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Everything Changes [Hardcover]

Jonathan Tropper
4.6 out of 5 stars  See all reviews (118 customer reviews)

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Editorial Reviews

From Publishers Weekly

The arrival of a long-lost absent father forces a Manhattan man to come to terms with an ongoing romantic triangle in Tropper's latest, a funny, sensitive and occasionally over-the-top comic novel that revolves around the calamitous life of 32-year-old Zack King. King's a horrible job as a corporate drone for a supply company is balanced by his impending marriage to Hope, his gorgeous, successful fiancée. But chaos comes with the arrival of his wacky divorced father, Norm, who left Zack and his two brothers after his wife used graphic pictures of his infidelity as the backdrop for the family Christmas cards. Norm makes himself an unwelcome guest as Zack tries to deal with a potentially devastating health problem and a job crisis that makes him realize how much he hates his life. But the real problem is Zack's growing attraction to Tamara, the beautiful, recently widowed single mother who was married to Zack's friend Rael until a car accident took Rael's life and left Zack alive during an ill-fated road trip to Atlantic City. Viagra-popping Norm becomes increasingly cartoonish as the novel unfolds, and the triangle material is boilerplate, but pithy observations on love, marriage and corporate life give the book a graceful charm. Tropper continues to display a fine feel for romantic comedy in this enjoyable follow-up to The Book of Joe.
Copyright © Reed Business Information, a division of Reed Elsevier Inc. All rights reserved.

From Booklist

Tropper, author of Plan B (2000) and The Book of Joe (2004), offers up the story of Zachary King, a man in his early thirties facing a possible health crisis and major life changes. Zack is engaged to a beautiful woman, Hope, and slogging through his trying job as a middleman when he discovers blood in his urine. He makes a trip to the doctor, and as he waits for the results, he starts to question everything in his life. His job is thankless, and he is in danger of losing a big account because of another's mistake; his perfect fiancee doesn't look nearly as good to him as his best friend's widow, Tamara; and his feckless father, Norm, has dropped back into Zack's life, and for the first time, Zack finds himself inclined to consider letting the man in. As with any great comedy, high jinks ensue, including a hilarious scene where Zack, Norm, and Zack's roommate try to track down Zack's doctor. But the novel is also grounded by the serious issues at its heart: the tragic death of Zack's best friend, Norm's abandonment of his family, and Zack's struggle to do the right thing. By turns funny and moving, Tropper's warm, winning tale will appeal to both male and female readers and may draw comparisons to Nick Hornby and John Scott Shepherd. Kristine Huntley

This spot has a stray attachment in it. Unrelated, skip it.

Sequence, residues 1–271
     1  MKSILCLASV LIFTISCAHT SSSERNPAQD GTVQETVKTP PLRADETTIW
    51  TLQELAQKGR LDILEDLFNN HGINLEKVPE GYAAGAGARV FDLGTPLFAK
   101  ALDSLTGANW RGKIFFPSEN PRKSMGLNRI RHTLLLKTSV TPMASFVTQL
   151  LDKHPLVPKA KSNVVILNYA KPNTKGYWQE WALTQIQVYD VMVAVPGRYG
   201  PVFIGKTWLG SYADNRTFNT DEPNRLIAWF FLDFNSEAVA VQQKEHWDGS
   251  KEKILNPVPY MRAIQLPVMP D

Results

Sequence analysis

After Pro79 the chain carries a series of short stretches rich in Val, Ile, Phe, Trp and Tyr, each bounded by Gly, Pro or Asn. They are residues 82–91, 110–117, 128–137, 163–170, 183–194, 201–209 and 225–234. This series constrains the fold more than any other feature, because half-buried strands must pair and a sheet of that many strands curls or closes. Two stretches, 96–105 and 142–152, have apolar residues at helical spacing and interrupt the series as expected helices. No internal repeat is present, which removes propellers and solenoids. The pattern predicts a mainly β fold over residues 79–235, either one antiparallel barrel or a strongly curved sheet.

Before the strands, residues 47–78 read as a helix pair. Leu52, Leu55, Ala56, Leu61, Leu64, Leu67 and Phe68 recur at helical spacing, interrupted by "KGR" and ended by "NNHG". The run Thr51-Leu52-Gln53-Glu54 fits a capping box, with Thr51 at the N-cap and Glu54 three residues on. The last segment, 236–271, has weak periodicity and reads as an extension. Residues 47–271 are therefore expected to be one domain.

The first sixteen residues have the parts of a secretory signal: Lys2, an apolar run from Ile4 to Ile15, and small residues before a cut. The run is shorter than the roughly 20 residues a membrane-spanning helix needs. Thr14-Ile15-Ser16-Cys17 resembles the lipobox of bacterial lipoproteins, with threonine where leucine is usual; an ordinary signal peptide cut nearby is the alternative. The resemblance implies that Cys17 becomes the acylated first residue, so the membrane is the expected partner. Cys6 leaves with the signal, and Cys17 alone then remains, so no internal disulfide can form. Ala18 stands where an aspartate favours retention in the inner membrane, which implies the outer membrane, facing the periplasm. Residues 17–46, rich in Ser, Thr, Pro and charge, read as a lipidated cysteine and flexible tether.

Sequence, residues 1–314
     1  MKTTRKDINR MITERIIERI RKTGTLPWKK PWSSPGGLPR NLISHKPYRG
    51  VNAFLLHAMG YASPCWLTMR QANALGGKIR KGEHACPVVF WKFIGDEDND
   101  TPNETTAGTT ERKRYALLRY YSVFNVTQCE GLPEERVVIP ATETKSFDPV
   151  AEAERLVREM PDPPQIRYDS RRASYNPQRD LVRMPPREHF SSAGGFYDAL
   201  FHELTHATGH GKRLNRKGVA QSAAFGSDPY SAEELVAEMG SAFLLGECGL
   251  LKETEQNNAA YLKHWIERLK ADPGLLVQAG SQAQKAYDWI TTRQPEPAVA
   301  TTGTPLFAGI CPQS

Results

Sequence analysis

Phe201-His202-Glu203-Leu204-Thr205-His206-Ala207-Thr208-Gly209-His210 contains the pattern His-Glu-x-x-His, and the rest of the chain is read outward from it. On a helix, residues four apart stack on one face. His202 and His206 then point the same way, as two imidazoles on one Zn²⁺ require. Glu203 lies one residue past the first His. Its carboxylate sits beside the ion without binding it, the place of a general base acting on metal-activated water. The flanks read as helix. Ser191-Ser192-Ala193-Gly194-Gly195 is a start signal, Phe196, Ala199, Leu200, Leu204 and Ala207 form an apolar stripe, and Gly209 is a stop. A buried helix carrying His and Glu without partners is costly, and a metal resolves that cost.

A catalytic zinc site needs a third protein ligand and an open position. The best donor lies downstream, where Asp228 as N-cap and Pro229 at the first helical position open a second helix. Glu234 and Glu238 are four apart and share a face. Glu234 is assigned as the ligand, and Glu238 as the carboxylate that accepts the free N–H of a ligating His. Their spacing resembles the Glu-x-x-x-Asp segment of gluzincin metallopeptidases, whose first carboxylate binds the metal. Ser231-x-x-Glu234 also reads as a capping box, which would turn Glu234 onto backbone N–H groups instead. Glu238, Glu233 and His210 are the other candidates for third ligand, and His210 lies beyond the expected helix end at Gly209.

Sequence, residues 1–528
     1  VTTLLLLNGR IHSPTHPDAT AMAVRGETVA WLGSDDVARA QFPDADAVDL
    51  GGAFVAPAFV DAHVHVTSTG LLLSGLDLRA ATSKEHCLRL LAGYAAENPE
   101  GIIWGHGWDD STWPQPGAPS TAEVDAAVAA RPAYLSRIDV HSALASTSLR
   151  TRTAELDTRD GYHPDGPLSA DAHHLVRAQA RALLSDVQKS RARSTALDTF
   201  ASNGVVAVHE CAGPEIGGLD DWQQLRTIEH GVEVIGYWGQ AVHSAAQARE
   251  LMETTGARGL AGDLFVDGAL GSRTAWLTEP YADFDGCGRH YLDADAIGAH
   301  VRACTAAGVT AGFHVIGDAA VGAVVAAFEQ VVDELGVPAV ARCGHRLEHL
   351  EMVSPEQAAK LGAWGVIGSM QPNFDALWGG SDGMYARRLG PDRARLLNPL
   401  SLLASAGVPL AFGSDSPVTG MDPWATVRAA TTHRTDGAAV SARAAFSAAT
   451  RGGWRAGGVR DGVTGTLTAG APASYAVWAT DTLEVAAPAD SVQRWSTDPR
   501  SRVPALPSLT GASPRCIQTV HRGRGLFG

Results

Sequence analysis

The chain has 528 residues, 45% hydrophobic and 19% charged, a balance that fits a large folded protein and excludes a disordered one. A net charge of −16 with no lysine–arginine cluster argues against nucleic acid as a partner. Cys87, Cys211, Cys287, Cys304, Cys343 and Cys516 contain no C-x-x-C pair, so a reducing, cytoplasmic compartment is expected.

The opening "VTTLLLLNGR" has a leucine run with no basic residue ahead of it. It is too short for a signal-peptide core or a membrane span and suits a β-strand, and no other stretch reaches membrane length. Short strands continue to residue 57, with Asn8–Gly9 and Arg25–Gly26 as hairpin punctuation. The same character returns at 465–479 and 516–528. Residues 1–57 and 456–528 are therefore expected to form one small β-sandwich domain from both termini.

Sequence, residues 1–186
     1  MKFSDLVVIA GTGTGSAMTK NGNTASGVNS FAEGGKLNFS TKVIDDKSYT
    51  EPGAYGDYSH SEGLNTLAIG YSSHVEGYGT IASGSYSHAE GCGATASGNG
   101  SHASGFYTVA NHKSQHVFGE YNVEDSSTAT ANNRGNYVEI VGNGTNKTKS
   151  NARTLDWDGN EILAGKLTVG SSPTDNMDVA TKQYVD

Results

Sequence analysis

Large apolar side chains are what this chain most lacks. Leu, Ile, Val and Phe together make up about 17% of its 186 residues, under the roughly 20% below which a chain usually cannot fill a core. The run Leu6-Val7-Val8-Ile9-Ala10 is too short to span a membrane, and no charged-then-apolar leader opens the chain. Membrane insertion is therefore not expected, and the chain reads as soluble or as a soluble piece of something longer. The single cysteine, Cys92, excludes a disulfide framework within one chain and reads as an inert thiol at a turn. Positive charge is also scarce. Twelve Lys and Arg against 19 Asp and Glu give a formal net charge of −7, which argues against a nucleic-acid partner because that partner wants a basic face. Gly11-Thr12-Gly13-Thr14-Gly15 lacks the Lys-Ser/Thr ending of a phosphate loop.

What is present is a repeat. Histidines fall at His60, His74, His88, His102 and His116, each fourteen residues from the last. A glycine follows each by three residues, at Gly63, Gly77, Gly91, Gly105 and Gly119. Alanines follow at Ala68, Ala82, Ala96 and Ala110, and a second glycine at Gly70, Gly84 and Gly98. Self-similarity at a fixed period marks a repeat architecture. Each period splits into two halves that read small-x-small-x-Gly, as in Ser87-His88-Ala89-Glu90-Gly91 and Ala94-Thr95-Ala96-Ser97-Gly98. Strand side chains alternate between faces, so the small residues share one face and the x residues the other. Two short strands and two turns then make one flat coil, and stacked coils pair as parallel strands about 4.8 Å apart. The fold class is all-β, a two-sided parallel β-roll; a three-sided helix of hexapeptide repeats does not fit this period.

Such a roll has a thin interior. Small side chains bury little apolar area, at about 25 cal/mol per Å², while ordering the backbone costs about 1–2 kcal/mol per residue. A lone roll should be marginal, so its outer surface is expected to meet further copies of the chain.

Copyright © American Library Association. All rights reserved


“Jonathan Tropper is the new breed of novelist who writes for men and women with equal ease and grace. Everything Changes is a wonderful and engaging comic novel about the possibility of new life in the midst of emotional disaster.”
--Haven Kimmel, author of The Solace of Leaving Early

“Women: Want to know how men think? Here's a smart, funny, brutally honest, much-needed guy's point of view on how messy love can be. Jonathan Tropper makes me laugh and breaks my heart at the same time.”
--Lolly Winston, bestselling author of Good Grief

About the Author

JONATHAN TROPPER lives with his wife and two children in Westchester, New York. He is the author of two previous novels, Plan B and The Book of Joe, which is currently being developed as a motion picture by Warner Bros. Studios. Everything Changes is currently in development at Sony Pictures. Jonathan can be contacted through his website at www.jonathantropper.com.

Excerpt. © Reprinted by permission. All rights reserved.


the night before everything changes, an earthquake jolts me out of my sleep and I instinctively reach over for Tamara, but it isn’t Tamara, of course, it’s Hope. There was never even a time when it might have been Tamara. And yet, lately, whenever I wake up, my first, dazed instinct, before real life comes back into focus, is to assume it’s Tamara in the bed beside me. I suppose that in my dreams, not the one or two that I can recall, but the millions that vanish into oblivion like flies when you’ve barely even begun to move your cupped, ready hand in their direction, in those dreams, she must be mine, over and over again. So there’s always this vaguely troubling notion when I wake up like this, this sense that I’ve somehow been transported to an alternate universe where my life took a left instead of a right because of some seemingly insignificant yet cosmically crucial choice I made, about a girl or a kiss or a date or a job or which Starbucks I went into . . . something.